Everyone has a September 11th Story. This is mine. It is an exclusive excerpt, from Chapter Six of my book, Chasing Ghosts. This post was originally published September 11, 2006.
I had quit my job at JP Morgan on Friday, September 7. I was planning to spend the day sleeping in late, going to the dentist, and taking the train up to the Bronx to play some golf. I tried to ignore it, but the phone on my bedside would not stop ringing. I figured something must be wrong, and I finally picked it up. It was an ex-girlfriend in Miami.
“Paul, turn on the TV.” she said, calm but urgent. As I saw the first tower smoking on CNN, I went numb and heard her say, “Paul. This is what you have always been waiting for.”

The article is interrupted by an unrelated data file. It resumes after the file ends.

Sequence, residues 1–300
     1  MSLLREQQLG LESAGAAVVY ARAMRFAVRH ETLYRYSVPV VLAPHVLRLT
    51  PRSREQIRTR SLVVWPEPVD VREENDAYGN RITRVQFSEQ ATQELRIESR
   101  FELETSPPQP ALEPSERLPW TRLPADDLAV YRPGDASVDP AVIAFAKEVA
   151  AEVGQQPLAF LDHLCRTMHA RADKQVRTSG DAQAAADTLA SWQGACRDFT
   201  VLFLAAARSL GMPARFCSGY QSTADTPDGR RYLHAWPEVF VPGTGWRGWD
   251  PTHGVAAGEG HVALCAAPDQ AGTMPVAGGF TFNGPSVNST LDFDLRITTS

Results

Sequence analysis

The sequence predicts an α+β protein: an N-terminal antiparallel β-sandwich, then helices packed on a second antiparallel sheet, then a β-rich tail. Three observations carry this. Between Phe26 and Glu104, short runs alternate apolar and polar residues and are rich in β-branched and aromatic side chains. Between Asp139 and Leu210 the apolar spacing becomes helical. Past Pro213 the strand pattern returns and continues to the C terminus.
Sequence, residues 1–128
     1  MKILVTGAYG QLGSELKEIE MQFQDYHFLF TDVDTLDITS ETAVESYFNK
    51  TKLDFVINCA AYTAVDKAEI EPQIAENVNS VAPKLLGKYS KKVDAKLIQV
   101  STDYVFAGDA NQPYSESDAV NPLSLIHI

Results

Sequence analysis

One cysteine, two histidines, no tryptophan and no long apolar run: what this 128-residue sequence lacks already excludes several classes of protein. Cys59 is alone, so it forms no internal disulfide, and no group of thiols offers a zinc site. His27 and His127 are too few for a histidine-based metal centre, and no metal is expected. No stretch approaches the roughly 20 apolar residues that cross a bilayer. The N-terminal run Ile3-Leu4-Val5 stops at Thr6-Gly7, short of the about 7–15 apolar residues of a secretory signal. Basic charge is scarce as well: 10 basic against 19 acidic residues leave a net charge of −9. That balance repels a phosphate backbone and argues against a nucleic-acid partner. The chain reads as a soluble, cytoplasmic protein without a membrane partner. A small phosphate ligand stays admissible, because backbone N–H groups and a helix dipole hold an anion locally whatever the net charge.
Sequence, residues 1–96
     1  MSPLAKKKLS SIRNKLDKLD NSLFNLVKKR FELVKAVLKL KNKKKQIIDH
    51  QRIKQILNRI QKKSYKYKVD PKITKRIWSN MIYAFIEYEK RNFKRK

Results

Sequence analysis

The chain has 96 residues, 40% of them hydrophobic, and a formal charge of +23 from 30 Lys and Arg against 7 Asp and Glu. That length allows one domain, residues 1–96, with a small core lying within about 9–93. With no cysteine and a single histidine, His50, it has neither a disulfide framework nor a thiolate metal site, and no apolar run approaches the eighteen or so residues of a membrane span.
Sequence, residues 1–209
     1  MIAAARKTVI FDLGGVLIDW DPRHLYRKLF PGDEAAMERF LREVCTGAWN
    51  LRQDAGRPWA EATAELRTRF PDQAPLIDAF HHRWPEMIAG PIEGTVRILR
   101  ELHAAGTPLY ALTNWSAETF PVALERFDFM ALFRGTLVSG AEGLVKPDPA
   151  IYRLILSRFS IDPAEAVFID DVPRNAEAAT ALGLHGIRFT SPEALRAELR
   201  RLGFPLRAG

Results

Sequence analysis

I had always complained that mine was a generation without a cause. Not anymore.
I bounded the stairs in threes to the roof of our building on East 24th Street. As I slammed the rooftop door the first thing I saw was the cloudless soft blue sky. It was a gorgeous day—a perfect day. The next thing I saw was the smoke smudging the sky’s flawless color. I heard the cacophony of sirens and people yelling from Third Avenue below. I ran to the street from the roof and over to Broadway, where I could get a clear look at the towers.
Breathless and focused, I stood among a crowd of stunned New Yorkers with mouths frozen open, eyes wide. They were hypnotized. It reminded me of the scenes in Godzilla when everyone in Tokyo franticly jumped out of their cars, dropped briefcases, filled the streets and stopped everything to collectively freeze and look back— before running like hell as Godzilla crashed through the city.
Then the second plane hit. We were in awe. Petrified but unmoved. No one ran. No one panicked. They just stared and cried.